Vista apartments are flooding amid water outage

By Sahar Chmais

Water is flowing from every crevice except through the faucets in the Vista at Plum Creek apartments. Many residents are going into their second week without fresh water, and their apartments are beginning to smell like mildew.
Some residents hit the one-week mark before finally their water was back on. Others do not have an exact date, though the apartment management said it is aiming to have repairs complete by the end of the week.
“Our goal is to restore water to all residents by Friday,” said Tiffany Reynolds, senior regional manager for the apartment group. “We know that kinks happen but we are working as fast as possible to avoid any further water intrusion by not working systematically and restoring water without a plan in place.”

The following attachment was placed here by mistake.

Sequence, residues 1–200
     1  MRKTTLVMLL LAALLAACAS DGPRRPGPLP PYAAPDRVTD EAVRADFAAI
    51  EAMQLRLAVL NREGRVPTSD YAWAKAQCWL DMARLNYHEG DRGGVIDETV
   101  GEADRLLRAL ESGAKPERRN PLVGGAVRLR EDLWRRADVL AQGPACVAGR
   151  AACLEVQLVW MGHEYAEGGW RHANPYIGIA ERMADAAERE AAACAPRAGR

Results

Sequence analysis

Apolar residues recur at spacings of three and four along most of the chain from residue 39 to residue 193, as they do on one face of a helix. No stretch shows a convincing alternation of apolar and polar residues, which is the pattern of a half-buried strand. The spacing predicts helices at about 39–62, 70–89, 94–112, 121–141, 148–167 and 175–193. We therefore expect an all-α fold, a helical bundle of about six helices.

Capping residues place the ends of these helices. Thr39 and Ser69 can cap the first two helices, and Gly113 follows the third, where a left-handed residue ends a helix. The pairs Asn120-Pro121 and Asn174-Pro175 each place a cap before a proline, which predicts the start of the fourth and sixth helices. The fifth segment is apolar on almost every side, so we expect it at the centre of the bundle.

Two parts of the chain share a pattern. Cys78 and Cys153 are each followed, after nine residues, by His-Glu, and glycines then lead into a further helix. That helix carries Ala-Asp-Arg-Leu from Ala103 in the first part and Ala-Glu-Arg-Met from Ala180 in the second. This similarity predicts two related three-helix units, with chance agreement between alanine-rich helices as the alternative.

Residents’ outcries can be seen on social media; they began posting photos and videos of the flooding, with the sound of water squishing under their feet on the carpet, water going over electric boxes, soaked personal belongings and holes in walls.
Some residents are concerned about the health hazard.
Resident Richelle Lenoir said she is allergic to mold and said she expressed her concern to management.

Image of a moldy window, provided by resident Richelle Lenoir.

To help the mold situation, Lenoir set her air conditioner to 60 degrees to control the humidity. Then she began sleeping on her couch with the patio door open.

Lenoir’s guest room and laundry room have been flooded. She claims it smells like “pigs have lived here for days.”